Fern's family owns a restaurant, Harry's, so a lot of their lives revolve around supporting this business. Her dad drives the kids crazy with his hair-brained advertising schemes. Fern's little brother, 3-year-old Charlie, is a nuisance. Her older brother, Holden, is gay, but hasn't come out. Charlie is understandably upset when she realizes how he is bullied at school. And she has a really good friend Ran, who keeps her grounded and obviously has a crush on Fern. Well, it's obvious to everyone except Fern.

The characters are the stand out element in See You at Harry's. The family dynamics ring true. The story revolves around all of the characters trying to come to terms with this tragedy, and the reactions were very realistically portrayed.

The end is subtle. There is somewhat of a defining moment, and  you get the feeling that things are going to be OK, so I was comforted. See You at Harry's is touching and sweet. It's a sad but also a feel-good story. It's also a very quick read, and I would recommend it to anyone who enjoys a good contemporary. See You at Harry's is geared towards middle school kids, but I would easily recommend it to high school students too.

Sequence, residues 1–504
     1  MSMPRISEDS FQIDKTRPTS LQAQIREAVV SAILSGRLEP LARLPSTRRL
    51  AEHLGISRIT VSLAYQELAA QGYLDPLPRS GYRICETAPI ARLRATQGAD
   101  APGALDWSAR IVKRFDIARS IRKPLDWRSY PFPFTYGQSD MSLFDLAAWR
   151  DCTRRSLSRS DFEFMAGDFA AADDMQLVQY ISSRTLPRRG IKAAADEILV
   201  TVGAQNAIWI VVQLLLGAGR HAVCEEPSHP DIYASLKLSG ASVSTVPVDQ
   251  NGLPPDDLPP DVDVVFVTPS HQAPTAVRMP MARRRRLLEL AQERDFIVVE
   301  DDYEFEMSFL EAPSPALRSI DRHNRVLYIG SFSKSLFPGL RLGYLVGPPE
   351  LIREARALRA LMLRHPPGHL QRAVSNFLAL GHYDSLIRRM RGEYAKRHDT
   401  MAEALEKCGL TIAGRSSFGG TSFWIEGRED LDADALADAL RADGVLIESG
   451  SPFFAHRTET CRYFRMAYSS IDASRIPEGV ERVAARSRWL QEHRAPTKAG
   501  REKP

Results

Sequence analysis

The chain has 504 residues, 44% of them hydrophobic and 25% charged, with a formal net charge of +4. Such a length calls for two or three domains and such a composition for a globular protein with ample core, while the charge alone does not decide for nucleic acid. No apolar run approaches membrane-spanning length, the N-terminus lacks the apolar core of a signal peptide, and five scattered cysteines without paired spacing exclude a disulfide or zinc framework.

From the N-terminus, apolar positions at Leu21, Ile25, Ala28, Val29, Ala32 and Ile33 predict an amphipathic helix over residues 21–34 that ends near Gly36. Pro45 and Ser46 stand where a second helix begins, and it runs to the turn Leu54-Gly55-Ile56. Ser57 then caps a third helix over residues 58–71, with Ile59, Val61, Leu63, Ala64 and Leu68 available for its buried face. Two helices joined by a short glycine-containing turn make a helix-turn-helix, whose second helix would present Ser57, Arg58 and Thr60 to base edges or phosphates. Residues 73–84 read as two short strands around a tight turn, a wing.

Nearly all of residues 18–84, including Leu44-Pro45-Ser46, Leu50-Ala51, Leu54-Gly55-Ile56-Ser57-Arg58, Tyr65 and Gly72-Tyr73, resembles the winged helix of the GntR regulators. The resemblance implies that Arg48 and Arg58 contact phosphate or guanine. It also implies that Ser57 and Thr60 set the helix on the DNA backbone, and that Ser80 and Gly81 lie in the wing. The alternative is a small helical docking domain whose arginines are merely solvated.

Published by Candlewick, 2012
Copy obtained from the library
310 pages (qualifies for my Books You Can Read in a Day Challenge!)

Rating: 4/5





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Tuesday, May 27, 2014

Book Review: The Body at the Tower by Y. S. Lee

The Body at the Tower is the second book in The Agency series, and I enjoyed it as much as the others. (Yes, I've read them out of order.)

I really enjoy the premise of these detective stories. It's the mid 1800s in London. Our main character, Mary, is a detective working undercover from The Agency, which is known as Miss Scrimshaw’s Academy for Girls. It's a bit far-fetched. This teen girl was plucked off the street from a life of crime and trained to be a sleuth in a time when women couldn't even appear in public alone. But...